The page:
In France, of the 90 or so provincial governors, there is only one, Aïssa Dermouche, who is either Muslim or of Arab descent; and he is tucked away on the Swiss border. Somehow his nomination was controversial. Radicals in France, intent on intimidating him, blew up his car in front of his home in January 2004. Supposedly, M. Dermouche hasn't set foot in a mosque since he was a child, and apart from his name (he is light skinned) he is totally indistinguishable from any other well-educated French politician.

French Interior Minister Nicolas Sarkozy points to him as a model, yet M. Dermouche stands alone. French TV personalities, billboards, executives, etc. are almost exclusively white. The 10+ percent of North African blooded Frenchmen are invisible in these realms. It is said that in France, résumés with applicants of Arab or African sounding names are often simply cast aside, leaving the good jobs to the "vrai" French.

Clearly the reasons for the riots in France are complex, and these complexities can't just be solved with proactive hiring practices.

On the other hand, affirmative action is certainly a key element of a possible yet currently untenable solution. The white French middle class doesn’t want to risk loosing their jobs anymore than our white middle class did or does. It took courage and moral; yes, moral reasoning to enact our, for the most part, successful, liberal affirmative hiring practices and racial college admissions policies. The French have a major mindset hurdle to jump before they begin to come to any workable, long term solutions.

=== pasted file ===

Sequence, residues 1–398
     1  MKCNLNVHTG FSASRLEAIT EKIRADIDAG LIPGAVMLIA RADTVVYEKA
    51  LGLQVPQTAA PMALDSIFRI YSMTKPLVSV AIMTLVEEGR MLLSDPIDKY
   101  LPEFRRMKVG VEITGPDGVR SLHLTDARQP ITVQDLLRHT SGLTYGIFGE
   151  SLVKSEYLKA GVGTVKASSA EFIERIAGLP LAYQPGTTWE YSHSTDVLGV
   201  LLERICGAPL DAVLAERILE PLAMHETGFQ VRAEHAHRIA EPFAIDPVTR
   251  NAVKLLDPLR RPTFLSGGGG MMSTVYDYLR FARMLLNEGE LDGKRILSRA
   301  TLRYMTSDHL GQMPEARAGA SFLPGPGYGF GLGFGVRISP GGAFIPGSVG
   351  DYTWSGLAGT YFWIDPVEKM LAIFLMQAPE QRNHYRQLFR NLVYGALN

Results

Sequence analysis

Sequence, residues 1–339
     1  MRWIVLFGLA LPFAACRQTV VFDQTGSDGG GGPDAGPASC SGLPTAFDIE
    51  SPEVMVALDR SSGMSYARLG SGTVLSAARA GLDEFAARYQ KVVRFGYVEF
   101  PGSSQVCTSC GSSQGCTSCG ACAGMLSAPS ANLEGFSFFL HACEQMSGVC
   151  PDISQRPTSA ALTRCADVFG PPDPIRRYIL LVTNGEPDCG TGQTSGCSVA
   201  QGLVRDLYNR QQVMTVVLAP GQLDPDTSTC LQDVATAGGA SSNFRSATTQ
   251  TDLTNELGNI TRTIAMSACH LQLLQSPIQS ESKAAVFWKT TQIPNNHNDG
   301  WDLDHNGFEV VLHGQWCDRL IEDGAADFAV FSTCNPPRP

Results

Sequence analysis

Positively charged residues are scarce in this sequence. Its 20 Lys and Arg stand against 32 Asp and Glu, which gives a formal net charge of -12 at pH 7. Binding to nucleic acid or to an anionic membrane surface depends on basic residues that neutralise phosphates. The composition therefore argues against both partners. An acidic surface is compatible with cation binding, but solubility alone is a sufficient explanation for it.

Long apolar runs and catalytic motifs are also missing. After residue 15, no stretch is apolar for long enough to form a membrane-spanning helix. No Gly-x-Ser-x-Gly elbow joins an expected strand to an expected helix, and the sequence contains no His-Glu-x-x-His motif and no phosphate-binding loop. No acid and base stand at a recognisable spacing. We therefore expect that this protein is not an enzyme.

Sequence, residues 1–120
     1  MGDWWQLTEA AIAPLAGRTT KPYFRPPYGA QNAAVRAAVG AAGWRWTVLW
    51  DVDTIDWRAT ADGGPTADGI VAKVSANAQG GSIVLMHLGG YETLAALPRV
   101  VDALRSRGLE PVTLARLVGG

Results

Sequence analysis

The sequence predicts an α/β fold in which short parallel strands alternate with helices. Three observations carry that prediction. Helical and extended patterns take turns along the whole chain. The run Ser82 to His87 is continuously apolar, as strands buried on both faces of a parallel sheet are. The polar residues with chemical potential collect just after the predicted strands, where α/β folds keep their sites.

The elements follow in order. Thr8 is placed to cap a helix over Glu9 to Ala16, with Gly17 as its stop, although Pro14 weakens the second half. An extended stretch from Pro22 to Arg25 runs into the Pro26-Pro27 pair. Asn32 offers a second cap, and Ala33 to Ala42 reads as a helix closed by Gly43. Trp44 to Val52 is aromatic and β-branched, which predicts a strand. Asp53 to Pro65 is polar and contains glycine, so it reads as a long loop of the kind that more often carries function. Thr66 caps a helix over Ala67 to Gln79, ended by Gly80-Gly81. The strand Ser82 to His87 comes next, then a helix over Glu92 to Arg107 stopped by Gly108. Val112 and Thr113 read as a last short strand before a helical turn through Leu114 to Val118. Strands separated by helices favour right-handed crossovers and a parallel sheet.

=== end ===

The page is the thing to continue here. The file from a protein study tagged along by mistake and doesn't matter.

Perhaps our handling of race and discrimination of the last 30 years is much more of a success than of the failure, highlighted by Katrina and the New Orleans underclass. Turn on the television. Look at a billboard. Go see a film. More likely than not, you will see the melting pot before you.

Today, in Frederick or practically anywhere else in rural America, would the majority of white Americans give a second thought that the tan, brown or black skinned person at the bank, or on the Weather Channel, or sitting in the attorney general’s office is not American, at least if he or she spoke a decent English? Would they even care? I doubt that this was the case in most of America 30 years ago. Take a good look at what's going on in France. Let’s congratulate ourselves that we have chosen a different path.

To me it's evident that if our nation hadn't taken the often much-maligned, liberal proactive steps of the 1960 and 1970s, our politicians, our educators, our news personalities, our celebrities, etc., would be almost entirely white. Our sizable and growing successful non-white middle class would be a fraction of what it is today.

While far from perfect now, our racial inequities would be 10 times worse. In essence, our country would simply be in a similar situation to that of France today.

And yet, I believe that if given the chance most conservatives in our country would have prevented or at least rolled back every affirmative action program ever begun and would have stopped taking racial data for hiring and elsewhere, creating in their minds a truly colorblind society.

Now wouldn't that be just so very, very French?